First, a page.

AT&T Will Give You HBO Go Without A Huge Cable Package, But There's A Catch

Too many people are getting by without paying for TV -- cobbling together their entertainment on phones, computers and TVs by using a mix of Netflix, Hulu, iTunes and Google.

Pay TV providers are finally realizing they have a problem on their hands. So they've begun offering enticing options to get people to pay for TV.

One of the latest offers is from AT&T, and it seems too good to be true: For $39 a month you get broadband Internet, basic channels and HBO (including HBO Go) as well as a year's subscription to Amazon Prime, Amazon's free shipping program that comes with its Netflix-like streaming video service. News of the new offer was first reported by DSL Reports on Monday morning.

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Of course, there's some fine print. Actually, there's a lot of fine print: There's a $99 installation fee, and you must subscribe to the service for a year. If you cancel within 12 months, you could be charged up to a $180 early termination fee. It's not HD -- that will be $10 more per month -- though the HBO Go App is HD even if you don't upgrade your plan. You get one HD-ready receiver for a TV, but another will cost you $8 per month, and there's a $7 monthly fee for the modem. The deal is only good for new customers, and after a year, the price more than doubles, to $91 per month. The offer is only good online, and you must sign up by December 13.

Even with all the possible extra charges, the deal is pretty good (at least for the first year), since many people pay more just for broadband Internet access. The Amazon Prime membership -- which includes music, free shipping and increasingly good streaming video programming -- is a sweet bonus; the service typically costs $99 a year. If you already have Prime, you'll get another year tacked on.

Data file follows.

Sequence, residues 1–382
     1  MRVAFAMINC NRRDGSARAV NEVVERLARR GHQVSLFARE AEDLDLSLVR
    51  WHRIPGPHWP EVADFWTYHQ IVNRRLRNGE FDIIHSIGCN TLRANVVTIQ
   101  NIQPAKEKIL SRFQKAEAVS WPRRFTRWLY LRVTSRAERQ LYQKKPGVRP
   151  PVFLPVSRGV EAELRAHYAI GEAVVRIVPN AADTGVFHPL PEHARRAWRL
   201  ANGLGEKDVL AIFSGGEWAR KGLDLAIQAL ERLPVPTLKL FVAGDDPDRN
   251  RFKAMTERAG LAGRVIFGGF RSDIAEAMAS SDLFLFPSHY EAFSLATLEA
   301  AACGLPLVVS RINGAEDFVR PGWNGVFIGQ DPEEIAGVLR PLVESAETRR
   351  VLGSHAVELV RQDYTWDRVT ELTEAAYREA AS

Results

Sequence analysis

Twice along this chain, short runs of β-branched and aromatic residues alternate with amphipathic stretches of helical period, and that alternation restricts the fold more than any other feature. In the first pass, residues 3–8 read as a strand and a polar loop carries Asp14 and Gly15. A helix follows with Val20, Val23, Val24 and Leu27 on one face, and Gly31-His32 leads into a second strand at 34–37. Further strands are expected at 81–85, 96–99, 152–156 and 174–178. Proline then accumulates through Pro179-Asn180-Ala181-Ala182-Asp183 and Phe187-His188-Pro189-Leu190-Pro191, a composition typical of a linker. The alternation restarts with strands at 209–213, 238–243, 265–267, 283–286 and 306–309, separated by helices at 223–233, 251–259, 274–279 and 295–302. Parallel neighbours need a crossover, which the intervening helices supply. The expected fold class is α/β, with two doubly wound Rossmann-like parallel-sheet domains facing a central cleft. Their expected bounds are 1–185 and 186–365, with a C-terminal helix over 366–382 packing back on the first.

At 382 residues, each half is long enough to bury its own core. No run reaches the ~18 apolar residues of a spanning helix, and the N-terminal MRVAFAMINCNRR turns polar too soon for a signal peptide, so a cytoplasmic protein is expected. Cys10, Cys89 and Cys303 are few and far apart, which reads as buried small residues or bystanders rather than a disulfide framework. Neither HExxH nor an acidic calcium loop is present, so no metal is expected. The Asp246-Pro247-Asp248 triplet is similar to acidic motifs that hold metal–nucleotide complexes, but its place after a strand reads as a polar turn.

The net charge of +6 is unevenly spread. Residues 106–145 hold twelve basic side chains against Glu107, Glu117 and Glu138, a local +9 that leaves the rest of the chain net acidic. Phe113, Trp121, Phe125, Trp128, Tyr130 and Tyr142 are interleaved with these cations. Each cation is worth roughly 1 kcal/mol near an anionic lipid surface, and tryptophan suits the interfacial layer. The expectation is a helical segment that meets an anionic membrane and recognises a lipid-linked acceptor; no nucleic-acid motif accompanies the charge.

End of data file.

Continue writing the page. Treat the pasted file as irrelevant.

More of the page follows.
You can get the AT&T package if you live in one of the areas covered by the company's U-Verse service. It's free to cancel the subscription after the first year, but AT&T hopes that once you sign up, it will be hard to quit.

AT&T's promotion comes as pay TV providers try to fend off competition from an ever-increasing number of fronts. TV subscriptions have declined slightly in recent years. According to SNL Kagan, a media research firm, 100.83 million households in the U.S. pay for TV, down from 101.02 million in 2012. Younger consumers -- who are really important to advertisers -- are getting their entertainment elsewhere: A report last spring from Experian Marketing Services found that almost a quarter of people between 18 and 34 who subscribe to Hulu or Netflix don't pay for TV.

The shift has pushed TV providers to scramble. Dish, the satellite TV provider, and Verizon are both working on Internet TV services geared toward younger consumers who don't want a cable box.

And as DSL Reports notes, other pay TV providers like Comcast and Verizon also offer deals similar to AT&T's to try to get new consumers hooked. AT&T itself offered a similar promotion earlier this year, though it didn't include an Amazon Prime subscription.

AT&T is in the midst of a $49 billion mega-merger with DirecTV. In terms of pay TV subscribers, the combined company would be the second-largest in the country behind a combined Comcast and Time Warner Cable, two other huge companies also attempting to merge into one. Both deals have yet to be approved by regulators.